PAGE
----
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Debian and Ubuntu: Debian LTS, Debian 9.4, Zstd and More

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Debian
Ubuntu
  • Debian LTS work, February 2018

    I was assigned 15 hours of work by Freexian's Debian LTS initiative and worked 13 hours. I will carry over 2 hours to March.

    I made another release on the Linux 3.2 longterm stable branch (3.2.99) and started the review cycle for the next update (3.2.100). I rebased the Debian package onto 3.2.99 but didn't upload an update to Debian this month.

  • Debian 9.4 Stretch GNU/Linux Released With 150+ Fixes: Update Now

    One of the great things about using a popular Linux distro is that you keep getting timely upgrades, which ensure that you’re running a secure operating system. The same holds true for Debian GNU/Linux, whose development team keeps offering regular updates. Just a couple of days ago, the team pushed the fourth point release of Debian 9 “stretch.”

    For those who don’t know, Debian 9.0 series is an LTS edition, and it’ll remain supported for the next five years.

  • Debian GNU/Linux 9.4 "Stretch" Point Release Brings More Than 70 Security Fixes

    The Debian Project announced over the weekend the release of the fourth maintenance update to the stable Debian GNU/Linux 9 "Stretch" operating system series.

    Debian GNU/Linux 9.4 "Stretch" comes three months after the 9.3 point release and brings more than 70 security fixes and 89 miscellaneous bugfixes for various core components or other packages available in the main software repositories of the Linux-based operating system. However, the Debian Project warns that this point release doesn't represent a new version of Debian Stretch.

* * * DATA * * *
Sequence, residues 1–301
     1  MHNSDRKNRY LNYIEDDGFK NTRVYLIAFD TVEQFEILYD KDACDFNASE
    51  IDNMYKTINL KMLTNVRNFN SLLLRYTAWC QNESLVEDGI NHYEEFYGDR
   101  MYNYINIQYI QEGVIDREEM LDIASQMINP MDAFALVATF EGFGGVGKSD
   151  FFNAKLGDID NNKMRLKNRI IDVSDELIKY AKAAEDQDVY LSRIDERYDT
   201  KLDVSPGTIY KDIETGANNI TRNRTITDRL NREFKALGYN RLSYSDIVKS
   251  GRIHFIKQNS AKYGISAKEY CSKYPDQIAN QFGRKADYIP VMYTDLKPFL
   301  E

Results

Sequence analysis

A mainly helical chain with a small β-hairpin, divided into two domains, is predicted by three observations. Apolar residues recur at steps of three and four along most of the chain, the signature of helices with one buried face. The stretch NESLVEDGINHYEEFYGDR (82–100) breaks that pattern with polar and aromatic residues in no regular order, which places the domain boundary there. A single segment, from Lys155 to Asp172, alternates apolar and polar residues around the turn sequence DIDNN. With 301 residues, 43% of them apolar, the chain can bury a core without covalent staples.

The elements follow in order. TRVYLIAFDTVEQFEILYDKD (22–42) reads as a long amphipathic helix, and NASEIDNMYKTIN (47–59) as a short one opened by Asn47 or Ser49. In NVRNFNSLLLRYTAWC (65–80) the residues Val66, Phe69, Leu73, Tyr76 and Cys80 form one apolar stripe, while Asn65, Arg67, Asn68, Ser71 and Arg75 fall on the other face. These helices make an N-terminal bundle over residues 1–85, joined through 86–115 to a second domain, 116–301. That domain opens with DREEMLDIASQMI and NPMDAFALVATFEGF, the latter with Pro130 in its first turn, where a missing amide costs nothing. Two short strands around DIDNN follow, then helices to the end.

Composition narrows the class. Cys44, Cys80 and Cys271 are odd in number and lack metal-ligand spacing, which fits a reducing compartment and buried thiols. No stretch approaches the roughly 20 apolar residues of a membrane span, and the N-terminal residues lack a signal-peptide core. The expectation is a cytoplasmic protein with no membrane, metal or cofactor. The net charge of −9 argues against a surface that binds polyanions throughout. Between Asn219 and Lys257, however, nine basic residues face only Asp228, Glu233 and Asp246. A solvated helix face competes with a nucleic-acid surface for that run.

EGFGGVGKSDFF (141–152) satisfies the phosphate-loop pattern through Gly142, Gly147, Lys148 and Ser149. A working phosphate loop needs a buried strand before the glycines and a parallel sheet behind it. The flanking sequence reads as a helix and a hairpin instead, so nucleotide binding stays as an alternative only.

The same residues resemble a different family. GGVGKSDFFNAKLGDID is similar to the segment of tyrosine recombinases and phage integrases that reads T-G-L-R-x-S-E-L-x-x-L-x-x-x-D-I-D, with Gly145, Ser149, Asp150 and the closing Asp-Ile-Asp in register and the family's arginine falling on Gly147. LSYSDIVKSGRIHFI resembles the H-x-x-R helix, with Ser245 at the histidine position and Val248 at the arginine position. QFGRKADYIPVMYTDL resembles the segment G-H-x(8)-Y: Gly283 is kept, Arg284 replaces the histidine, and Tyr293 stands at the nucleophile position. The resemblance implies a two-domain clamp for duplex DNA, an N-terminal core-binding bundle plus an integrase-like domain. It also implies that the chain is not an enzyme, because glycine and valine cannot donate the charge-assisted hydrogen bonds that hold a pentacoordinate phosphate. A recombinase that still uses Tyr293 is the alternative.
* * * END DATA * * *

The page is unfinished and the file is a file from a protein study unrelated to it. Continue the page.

"This point release mainly adds corrections for security issues, along with a few adjustments for serious problems. Security advisories have already been published separately and are referenced where available. Please note that the point release does not constitute a new version of Debian 9 but only updates some of the packages included," reads the release announcement.

  • Debian 9.4 released
  • Ubuntu Installs Made 10% Faster Using Facebook Tech

    If you long to install Ubuntu a little bit faster help it at hand thanks to some nifty open-source tech developed by Facebook.

    Using Zstandard (zstd), a ‘lossless data compression algorithm’ developed by Facebook, Ubuntu developers have been able to speed up Ubuntu installs by 10%.